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Photo special to Alachua County Today

Former High Springs Police Chief Thomas Wolfe.

HIGH SPRINGS – Thomas W. Wolfe, one of the longest serving police chiefs in High Springs' history, died Saturday at the age of 89 under Hospice care following a six-year battle with a long-term illness.

Wolfe was hired by the City as a police officer on Aug. 1, 1966 and was appointed Chief of Police in 1973. He served until June 30, 2003, when he retired at the age of 76.

City Clerk Jenny Parham said when Wolfe retired, he still acted like he was 23 instead of 76. “He had a lot of energy,” she said.

During the early part of the City's history, the Police Department and City Hall were housed in the same building. Parham remembers him as an up-beat, optimistic person who was always in a good mood. “He always had a story or two to share, and his presence was the highlight of the day for us,” she said. “The police department was just across the hall at that time and we dispatched for them during the day until the night-time dispatcher came in at 4 p.m.”

Wolfe presented a clean-cut, military-like appearance. A short crew cut and uniform were his standard attire. The city's current police chief, Joel DeCoursey, Jr., said he ran into him recently and he was as sharp as ever.

“Chief DeCoursey always came over to say ‘Hi’ to us whenever we would run into him in town,” said Wolfe's wife of 48 years, Myrna.

Wolfe was responsible for hiring Lt. Antoine Sheppard on April 26, 2001. “I was the first African-American officer hired in at least two or three decades,” said Sheppard, who also is the last remaining full-time officer hired by Wolfe. Sheppard described Wolfe as humble and a great police chief. “The City's flags are at half staff and we are wearing our morning bands in honor of Chief Wolfe,” he said.

“When we came back to High Springs after my husband died, Lt. Sheppard stopped by to express the whole department's condolences,” said Wolfe's wife. “I don't know how he found out, but he was there.”

Former City Manager Leonard E. Withey, Jr. said he saw Wolfe a little over a week prior to his death. “He told me at that time that his life was coming to an end,” said Withey, a long-time friend. “We talked very little about his illness during our two-hour visit, but much more about the old days and laughed about some of the things that had happened on our watch. Tom and I worked together for 20 years. He was chief when I was hired on Jan. 1, 1980. I always told him I will be retired and gone and you will still be here...and he was.”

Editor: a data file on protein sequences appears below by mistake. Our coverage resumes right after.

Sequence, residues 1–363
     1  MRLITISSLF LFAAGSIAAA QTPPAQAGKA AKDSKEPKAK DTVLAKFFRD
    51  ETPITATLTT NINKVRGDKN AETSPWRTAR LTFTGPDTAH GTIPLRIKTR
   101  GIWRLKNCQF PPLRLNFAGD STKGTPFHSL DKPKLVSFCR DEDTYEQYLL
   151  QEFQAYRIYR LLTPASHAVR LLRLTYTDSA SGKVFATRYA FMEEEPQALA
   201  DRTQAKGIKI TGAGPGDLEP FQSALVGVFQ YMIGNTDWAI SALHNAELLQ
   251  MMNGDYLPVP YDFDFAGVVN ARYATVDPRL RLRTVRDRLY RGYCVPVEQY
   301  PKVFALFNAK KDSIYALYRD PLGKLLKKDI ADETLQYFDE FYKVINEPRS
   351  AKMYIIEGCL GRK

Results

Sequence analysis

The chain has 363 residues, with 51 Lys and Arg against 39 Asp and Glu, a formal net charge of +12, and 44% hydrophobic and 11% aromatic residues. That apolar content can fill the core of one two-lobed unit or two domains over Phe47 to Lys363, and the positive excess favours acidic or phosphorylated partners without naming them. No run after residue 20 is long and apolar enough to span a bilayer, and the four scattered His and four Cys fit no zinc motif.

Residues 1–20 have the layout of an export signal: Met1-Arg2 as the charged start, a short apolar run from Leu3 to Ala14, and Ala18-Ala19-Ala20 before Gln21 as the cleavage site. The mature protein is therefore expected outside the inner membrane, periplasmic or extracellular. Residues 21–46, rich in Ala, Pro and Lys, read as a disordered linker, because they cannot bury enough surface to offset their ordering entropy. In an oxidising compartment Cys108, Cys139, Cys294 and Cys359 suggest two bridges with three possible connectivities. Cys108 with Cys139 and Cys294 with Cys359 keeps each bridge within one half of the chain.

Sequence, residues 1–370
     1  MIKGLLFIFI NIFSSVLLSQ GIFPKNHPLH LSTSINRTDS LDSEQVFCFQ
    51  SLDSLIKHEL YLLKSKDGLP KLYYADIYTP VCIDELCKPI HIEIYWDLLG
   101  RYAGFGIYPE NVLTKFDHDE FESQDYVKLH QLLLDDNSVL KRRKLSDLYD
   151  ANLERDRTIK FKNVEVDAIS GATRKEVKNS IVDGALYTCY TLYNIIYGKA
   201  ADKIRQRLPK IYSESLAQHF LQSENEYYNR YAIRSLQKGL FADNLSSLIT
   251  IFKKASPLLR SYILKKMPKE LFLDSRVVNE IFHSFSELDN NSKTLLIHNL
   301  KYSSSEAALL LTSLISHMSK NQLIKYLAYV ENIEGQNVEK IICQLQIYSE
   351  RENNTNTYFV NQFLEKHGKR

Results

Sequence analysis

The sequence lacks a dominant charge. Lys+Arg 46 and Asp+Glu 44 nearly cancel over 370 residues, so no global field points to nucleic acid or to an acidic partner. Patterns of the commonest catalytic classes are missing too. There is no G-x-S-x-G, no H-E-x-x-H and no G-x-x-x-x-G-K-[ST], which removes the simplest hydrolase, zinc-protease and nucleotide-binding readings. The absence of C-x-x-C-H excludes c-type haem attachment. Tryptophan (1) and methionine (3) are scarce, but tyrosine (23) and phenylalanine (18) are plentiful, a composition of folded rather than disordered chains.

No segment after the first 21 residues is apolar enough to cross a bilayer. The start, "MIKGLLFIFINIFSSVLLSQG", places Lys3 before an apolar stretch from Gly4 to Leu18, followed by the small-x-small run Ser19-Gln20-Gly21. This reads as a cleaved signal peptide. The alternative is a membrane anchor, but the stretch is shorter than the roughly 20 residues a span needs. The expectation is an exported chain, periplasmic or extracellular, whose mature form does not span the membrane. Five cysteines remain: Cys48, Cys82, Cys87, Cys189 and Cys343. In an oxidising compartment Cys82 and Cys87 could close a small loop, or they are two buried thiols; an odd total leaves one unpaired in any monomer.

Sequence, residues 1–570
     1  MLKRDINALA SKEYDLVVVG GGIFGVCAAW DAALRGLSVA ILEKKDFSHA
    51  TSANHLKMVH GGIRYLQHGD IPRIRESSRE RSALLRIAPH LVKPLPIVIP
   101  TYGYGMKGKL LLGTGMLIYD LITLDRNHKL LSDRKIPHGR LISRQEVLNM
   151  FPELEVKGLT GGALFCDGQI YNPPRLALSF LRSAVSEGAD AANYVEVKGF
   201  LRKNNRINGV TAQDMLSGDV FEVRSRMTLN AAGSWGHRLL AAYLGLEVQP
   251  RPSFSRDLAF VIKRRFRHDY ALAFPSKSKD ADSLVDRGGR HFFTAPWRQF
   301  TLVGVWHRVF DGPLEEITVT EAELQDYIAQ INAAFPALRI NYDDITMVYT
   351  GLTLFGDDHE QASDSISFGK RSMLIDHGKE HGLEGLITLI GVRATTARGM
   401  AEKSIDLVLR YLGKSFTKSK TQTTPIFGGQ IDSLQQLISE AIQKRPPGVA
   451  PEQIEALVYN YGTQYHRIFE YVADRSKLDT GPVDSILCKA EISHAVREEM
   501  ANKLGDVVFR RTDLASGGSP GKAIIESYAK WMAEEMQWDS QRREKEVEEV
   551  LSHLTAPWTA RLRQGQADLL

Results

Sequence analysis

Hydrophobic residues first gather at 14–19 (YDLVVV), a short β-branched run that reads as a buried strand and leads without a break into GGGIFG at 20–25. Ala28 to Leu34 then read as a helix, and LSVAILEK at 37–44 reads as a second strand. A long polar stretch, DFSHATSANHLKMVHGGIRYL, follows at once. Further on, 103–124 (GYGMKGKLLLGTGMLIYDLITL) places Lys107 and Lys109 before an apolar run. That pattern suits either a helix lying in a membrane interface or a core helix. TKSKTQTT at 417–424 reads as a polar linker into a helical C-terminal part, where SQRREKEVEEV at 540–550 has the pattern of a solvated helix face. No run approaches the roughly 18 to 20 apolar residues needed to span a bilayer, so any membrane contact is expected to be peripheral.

Wolfe was a pilot in World War II, flying planes in the Pacific as he transported troops and goods throughout the war. “He landed at an airstrip that had been taken by the Japanese, which at the time was unknown to the Americans, and was held as a prisoner of war for two years along with his crew,” Myrna said.

“He somehow got in with the Chinese underground and he and his crew eventually escaped,” she said. “He had been reported as dead after all that time and scared his mother near to death when he walked into the house after being released from service.”

In addition to World War II, his wife said he was also drafted into the service again to fight in the Korean War.

At some point after his service, Wolfe went to work as an air traffic controller at Washington National Airport, retiring in 1965, said Withey.

Wolfe became a member of the High Springs Police Department sort of “through the back door,” according to Withey. “In 1965, one of our three officers, Mr. Nettles, was out sick,” he said. “Wolfe went to the police station and offered to work the night shift so the two remaining officers could work days. He said he would quit the minute Nettles was back at work. We took him up on it, and Mr. Nettles never returned to work, so Wolfe stayed on."

Withey pointed out that Wolfe and his officers cleared 50-70 percent of their cases. “The Florida Department of Law Enforcement came a couple of times a year to make sure everything was properly documented and on track,” said Withey. “They never found anything wrong with his record keeping.”

His wife described Wolfe as strictly a family man. “He cared about his children and grandchildren and enjoyed them tremendously,” she said.

Wolfe requested no funeral when he died. The family and the City of High Springs are honoring his request.

Wolfe is survived by his wife, Myrna, three children, seven grandchildren and six great-grandchildren.

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